When we finally got our truck back (a week later), I told Ingrid that I wasn’t going to stop driving until we reached Florida. And I didn’t… even though it was 6 pm when we got our truck back… even though we’d been up all day and I was hopped up on flu medication. I drove 29 hours straight without stopping, except to eat and use the restroom. Reckless, I know. No one should drive that far without rest. But I was younger (and less mature) than I am now.
During that long stretch on the road, more things went wrong. We got lost several times. I had to “rally drive” at one point over really rough terrain (where there was no road) because I took a wrong turn in a place where I couldn’t back up or turn around. Two of the tie-down chains attaching Ingrid’s car to the trailer broke (probably due to the rally driving). The air conditioner stopped working completely. And we got stuck in a small gas station and needed help to get out (hey, you try driving a 26-foot truck with a car trailer on the back).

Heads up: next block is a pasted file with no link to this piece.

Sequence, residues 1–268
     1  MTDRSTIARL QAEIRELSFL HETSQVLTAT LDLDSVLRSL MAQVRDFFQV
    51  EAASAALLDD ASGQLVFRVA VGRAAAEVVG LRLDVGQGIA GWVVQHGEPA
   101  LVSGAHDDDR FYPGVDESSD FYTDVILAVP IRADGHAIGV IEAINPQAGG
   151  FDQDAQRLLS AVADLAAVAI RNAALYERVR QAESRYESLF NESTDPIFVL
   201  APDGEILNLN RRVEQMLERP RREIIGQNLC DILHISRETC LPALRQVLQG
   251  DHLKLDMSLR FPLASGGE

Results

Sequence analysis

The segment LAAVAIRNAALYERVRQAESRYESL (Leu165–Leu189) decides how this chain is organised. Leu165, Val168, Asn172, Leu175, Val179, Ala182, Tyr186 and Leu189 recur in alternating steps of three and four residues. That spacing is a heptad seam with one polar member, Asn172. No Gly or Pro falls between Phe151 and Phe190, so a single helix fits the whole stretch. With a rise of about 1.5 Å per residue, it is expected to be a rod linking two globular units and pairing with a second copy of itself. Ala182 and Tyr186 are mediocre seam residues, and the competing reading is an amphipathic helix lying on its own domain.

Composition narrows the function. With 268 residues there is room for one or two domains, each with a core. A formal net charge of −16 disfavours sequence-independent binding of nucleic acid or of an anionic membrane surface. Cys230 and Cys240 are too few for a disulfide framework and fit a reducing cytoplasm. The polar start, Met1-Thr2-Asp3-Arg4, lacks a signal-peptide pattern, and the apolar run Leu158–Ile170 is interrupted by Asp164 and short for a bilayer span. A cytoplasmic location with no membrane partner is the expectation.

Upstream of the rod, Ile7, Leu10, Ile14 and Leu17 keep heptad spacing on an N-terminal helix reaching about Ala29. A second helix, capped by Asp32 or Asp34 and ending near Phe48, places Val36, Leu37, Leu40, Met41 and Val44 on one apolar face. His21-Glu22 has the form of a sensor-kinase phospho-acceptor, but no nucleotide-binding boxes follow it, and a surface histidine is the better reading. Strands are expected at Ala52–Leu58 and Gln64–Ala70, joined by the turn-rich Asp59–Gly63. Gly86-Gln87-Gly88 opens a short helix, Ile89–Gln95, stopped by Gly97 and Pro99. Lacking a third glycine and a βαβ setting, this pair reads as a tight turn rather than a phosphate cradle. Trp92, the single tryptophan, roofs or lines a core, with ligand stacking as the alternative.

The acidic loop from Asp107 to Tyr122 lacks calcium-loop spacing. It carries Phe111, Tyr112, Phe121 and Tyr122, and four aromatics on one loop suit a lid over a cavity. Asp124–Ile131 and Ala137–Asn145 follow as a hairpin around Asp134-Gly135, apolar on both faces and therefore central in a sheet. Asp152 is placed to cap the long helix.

Now, here’s the point.
During our trip Ingrid and I talked a lot about all of our “bad luck.” So many things happened in such a short time that we began to doubt ourselves. All of those things had to be signs, right? Maybe we weren’t supposed to be going to Florida. Maybe we weren’t supposed to get married. Maybe we were star-crossed lovers, destined for despair.
We seriously considered it,
for a hundred miles
We thought of
two other possibilities.